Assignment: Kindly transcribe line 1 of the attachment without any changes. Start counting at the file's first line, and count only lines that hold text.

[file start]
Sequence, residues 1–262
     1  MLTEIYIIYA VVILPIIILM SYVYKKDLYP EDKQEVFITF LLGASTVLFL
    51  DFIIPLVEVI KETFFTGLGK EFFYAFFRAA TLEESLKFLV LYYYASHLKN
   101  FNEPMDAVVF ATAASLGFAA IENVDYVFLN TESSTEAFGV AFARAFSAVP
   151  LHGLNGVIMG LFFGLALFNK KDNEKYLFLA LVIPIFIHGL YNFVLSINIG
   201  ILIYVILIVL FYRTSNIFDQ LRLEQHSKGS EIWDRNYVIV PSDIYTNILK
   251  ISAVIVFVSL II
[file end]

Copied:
Sequence, residues 1–262